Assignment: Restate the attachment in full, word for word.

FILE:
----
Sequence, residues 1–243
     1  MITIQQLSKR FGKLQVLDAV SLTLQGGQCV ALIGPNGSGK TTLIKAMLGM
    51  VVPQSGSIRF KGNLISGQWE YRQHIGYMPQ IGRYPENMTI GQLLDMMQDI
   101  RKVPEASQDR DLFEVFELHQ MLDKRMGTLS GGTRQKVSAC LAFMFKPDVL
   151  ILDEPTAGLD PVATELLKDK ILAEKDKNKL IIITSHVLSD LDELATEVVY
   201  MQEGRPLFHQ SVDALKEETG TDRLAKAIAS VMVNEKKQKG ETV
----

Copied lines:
Sequence, residues 1–243
     1  MITIQQLSKR FGKLQVLDAV SLTLQGGQCV ALIGPNGSGK TTLIKAMLGM
    51  VVPQSGSIRF KGNLISGQWE YRQHIGYMPQ IGRYPENMTI GQLLDMMQDI
   101  RKVPEASQDR DLFEVFELHQ MLDKRMGTLS GGTRQKVSAC LAFMFKPDVL
   151  ILDEPTAGLD PVATELLKDK ILAEKDKNKL IIITSHVLSD LDELATEVVY
   201  MQEGRPLFHQ SVDALKEETG TDRLAKAIAS VMVNEKKQKG ETV